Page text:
The collapse can also bring about an awakening for many individuals. It is a time of deep darkness and submersion in depression, allowing for introspection on oneself and the meaning of life. It is important to note that while most individuals with depression may entertain suicidal thoughts, only a small number of them actually act on it (and not everyone is successful). Some people need to live with medication and regular treatment throughout their lives, while others manage to overcome it and become more resilient.
According to experts from The School of Life, the “collapse” is a mechanism of the human mind’s self-defense. It forces individuals to undergo certain thoughts and emotions to mature, develop self-awareness, and build character – things that, in normal circumstances, people may not pay much attention to due to being preoccupied with everyday life. It’s as if your inner self is screaming for care, which you’ve long neglected. And to cope with these deafening screams, you have no choice but to stop, look deep inside, and confront yourself. This is an opportunity for you to reevaluate your inner deficiencies or life itself, and from there, find ways to repair, improve, or liberate yourself from any obsessions or torments. In a way, it’s like getting healthier; you must first go through a severe illness (although unfortunately, some do not recover from it). Because we always avoid confronting issues that cause us pain, such as fractures in relationships or an inner sense of anxiety, only a crisis can force us to stop and face them sincerely and seriously.
Depression often leaves people immersed in sadness and prolonged contemplation. On many nights, one may find it challenging to think clearly. They may cry incessantly or remain silent, staring at the ceiling, contemplating the most suitable way to die. However, somewhere amid those thoughts, there may be a glimmer of insight, sudden moments of “awakening,” or even emotional elation. This is why Sigmund Freud, the psychoanalyst, once said, “Melancholics have a deeper insight into reality than others,” emphasizing the importance of self-awareness and introspection in each person.
What Can Society Do?
While depression and other mental health issues are often considered highly personal matters, their significant impact on society cannot be ignored, leading to decreased productivity, unemployment, broken marriages, medical expenses for depression patients and their families, and most severely, suicide cases. Thus, society cannot turn a blind eye to this issue.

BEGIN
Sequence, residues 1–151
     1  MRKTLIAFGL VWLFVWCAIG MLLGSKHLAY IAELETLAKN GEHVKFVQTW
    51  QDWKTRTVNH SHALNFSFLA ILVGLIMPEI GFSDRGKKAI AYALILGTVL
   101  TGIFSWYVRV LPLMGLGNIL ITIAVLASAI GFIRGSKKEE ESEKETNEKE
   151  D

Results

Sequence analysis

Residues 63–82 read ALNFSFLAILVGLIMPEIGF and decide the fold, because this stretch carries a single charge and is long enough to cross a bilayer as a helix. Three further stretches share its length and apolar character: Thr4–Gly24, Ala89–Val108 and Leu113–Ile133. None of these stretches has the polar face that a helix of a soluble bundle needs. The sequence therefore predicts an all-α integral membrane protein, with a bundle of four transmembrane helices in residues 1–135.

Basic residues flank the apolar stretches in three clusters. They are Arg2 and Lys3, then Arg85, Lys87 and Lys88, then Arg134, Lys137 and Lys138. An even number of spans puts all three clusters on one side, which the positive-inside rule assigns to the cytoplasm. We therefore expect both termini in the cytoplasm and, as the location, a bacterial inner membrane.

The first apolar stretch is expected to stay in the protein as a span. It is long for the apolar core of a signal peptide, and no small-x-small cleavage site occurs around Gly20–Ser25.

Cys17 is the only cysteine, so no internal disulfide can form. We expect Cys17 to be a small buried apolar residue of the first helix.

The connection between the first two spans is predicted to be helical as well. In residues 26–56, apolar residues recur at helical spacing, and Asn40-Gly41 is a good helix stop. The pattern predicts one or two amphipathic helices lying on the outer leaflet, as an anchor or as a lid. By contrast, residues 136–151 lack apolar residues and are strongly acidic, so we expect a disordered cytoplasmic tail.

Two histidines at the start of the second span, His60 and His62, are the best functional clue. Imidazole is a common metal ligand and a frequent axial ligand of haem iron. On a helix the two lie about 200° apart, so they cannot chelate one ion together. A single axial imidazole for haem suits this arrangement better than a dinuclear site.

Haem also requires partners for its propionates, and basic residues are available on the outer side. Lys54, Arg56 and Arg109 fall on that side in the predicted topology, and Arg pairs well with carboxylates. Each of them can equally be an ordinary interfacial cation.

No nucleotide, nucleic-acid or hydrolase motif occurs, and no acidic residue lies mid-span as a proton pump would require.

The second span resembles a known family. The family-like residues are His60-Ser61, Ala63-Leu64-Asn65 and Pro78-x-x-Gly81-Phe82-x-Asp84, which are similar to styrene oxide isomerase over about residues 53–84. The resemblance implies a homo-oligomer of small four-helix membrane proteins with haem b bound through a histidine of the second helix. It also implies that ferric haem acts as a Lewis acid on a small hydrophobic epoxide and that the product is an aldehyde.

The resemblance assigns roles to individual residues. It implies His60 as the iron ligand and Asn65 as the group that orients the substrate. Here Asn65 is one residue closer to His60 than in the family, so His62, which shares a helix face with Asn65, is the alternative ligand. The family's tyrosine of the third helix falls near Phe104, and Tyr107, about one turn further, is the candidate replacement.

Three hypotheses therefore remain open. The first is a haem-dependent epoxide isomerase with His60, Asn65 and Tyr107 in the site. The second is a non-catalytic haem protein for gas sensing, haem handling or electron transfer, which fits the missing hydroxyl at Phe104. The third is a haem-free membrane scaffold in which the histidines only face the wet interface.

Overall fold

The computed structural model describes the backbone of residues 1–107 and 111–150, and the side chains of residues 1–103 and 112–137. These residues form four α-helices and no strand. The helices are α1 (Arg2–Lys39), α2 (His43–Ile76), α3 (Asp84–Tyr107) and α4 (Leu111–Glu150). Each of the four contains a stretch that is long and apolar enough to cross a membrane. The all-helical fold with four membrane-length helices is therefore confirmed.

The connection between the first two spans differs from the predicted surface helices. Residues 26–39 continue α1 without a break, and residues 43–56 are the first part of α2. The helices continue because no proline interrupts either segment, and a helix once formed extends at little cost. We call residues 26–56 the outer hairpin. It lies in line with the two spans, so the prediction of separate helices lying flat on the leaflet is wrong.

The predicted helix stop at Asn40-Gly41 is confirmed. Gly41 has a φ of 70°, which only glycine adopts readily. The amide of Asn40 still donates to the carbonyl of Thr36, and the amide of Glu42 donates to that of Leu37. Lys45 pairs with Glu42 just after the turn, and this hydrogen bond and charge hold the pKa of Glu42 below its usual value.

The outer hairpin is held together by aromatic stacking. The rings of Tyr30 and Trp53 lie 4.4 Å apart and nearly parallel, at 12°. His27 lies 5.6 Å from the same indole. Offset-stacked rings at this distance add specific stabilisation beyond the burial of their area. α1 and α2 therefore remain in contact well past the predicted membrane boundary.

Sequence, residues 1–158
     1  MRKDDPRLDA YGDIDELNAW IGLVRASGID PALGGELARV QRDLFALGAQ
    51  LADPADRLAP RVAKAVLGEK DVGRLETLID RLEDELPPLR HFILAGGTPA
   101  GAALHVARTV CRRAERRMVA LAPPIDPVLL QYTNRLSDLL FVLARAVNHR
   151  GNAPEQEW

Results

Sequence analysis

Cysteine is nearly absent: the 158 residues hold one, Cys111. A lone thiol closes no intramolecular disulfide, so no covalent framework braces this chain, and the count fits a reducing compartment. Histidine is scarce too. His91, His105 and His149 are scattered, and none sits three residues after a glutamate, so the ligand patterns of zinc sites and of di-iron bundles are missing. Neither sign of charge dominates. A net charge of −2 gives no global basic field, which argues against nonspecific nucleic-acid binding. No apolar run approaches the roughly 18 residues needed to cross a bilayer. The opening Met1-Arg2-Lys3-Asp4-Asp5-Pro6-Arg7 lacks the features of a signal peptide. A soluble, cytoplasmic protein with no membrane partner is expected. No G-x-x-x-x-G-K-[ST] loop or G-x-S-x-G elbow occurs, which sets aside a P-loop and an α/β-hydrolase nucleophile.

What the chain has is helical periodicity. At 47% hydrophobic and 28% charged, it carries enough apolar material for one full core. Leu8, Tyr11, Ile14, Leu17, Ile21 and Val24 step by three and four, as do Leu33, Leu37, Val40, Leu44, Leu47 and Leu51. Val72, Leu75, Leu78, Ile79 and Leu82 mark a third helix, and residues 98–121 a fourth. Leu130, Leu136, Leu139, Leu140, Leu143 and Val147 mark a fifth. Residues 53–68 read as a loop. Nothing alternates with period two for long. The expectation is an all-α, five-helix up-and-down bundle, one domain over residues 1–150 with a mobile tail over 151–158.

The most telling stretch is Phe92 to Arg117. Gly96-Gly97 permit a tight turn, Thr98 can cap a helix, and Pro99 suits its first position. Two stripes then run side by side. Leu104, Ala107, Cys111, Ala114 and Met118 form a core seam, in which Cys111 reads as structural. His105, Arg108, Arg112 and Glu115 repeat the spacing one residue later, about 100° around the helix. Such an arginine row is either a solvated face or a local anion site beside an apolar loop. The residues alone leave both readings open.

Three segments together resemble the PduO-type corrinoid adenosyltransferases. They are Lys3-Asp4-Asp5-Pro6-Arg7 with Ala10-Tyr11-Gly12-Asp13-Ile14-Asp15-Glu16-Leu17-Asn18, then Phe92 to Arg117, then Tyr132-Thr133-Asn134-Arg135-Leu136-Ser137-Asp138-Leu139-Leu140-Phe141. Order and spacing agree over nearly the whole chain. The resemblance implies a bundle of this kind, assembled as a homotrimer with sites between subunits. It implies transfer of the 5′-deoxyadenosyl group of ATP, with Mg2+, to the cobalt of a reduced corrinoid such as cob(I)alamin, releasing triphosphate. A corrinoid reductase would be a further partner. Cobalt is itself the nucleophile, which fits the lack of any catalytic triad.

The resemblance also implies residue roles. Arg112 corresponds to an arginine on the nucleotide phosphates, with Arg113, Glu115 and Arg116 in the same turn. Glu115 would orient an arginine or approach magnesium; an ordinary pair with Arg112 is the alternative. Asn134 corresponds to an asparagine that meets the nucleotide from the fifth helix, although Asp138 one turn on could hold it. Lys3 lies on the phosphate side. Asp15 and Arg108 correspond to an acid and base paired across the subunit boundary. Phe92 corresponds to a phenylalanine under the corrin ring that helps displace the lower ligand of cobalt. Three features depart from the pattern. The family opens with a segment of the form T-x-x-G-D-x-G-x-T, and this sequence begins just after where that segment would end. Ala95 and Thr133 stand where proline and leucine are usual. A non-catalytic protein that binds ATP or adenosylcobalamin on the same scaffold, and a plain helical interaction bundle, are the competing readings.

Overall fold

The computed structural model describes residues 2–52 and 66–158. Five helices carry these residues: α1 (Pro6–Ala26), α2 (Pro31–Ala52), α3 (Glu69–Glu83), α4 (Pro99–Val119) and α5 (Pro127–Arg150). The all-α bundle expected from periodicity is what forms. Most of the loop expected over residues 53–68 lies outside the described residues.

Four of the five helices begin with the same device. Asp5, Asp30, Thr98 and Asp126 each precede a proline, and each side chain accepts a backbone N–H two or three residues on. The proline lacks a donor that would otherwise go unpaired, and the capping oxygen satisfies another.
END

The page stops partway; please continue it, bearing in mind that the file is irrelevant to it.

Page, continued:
One issue that people with depression often encounter, which can exacerbate their condition, is the indifference or even blame from their loved ones. For individuals with depression whose family members lack understanding of the condition, they can easily fall into a vicious cycle: their depression leads to misunderstandings, reproach, and anger from their loved ones, but that very anger makes them feel guilty, “abnormal,” isolated from others, more vulnerable, and, consequently, may lead them into more severe depression.
Perhaps paradoxically, what society should do is to “normalize” depression while not trivializing the issue. This means that people should be encouraged to talk more openly about depression.
In Vietnam, the issue of depression, in particular, and mental health, in general, has not received adequate attention, especially in terms of raising awareness. Although there are various channels for people to share their feelings in newspapers and online forums, there is no guarantee that strangers providing advice or the administrators and editors of those platforms are qualified enough to help those facing difficulties. Moreover, some issues require long-term treatment and may involve medication, not just a few “ventilation” sessions. The crucial solution is to direct individuals with depression to the right professionals. Most Western countries today have helplines that connect people with depression to experts and even emergency hotlines (involving the police as well). Vietnam also needs such addresses and hotlines. Furthermore, Vietnam needs trained mental health counseling experts to work in schools and support students.
Depression should be seen as a significant social concern, but at the same time, we must dispel the prejudices surrounding this condition, so that those affected don’t feel ashamed, self-conscious, or fearful of seeking help. Ultimately, this is not an uncommon illness. According to the World Health Organization’s estimates in 2017, over 4% of the world’s population lived with depression, with women, adolescents, and the elderly being the most vulnerable groups.
In modern life, depression is becoming a prevalent issue for a considerable number of people, but unfortunately, it is mentioned far too little.
Edited by Le Hoai